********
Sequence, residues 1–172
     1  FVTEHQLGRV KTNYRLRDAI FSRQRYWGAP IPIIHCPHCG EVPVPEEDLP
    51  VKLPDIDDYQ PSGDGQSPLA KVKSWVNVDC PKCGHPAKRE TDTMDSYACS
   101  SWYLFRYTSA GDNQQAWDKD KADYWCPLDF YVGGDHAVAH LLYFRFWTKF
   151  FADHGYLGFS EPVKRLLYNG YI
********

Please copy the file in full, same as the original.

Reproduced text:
Sequence, residues 1–172
     1  FVTEHQLGRV KTNYRLRDAI FSRQRYWGAP IPIIHCPHCG EVPVPEEDLP
    51  VKLPDIDDYQ PSGDGQSPLA KVKSWVNVDC PKCGHPAKRE TDTMDSYACS
   101  SWYLFRYTSA GDNQQAWDKD KADYWCPLDF YVGGDHAVAH LLYFRFWTKF
   151  FADHGYLGFS EPVKRLLYNG YI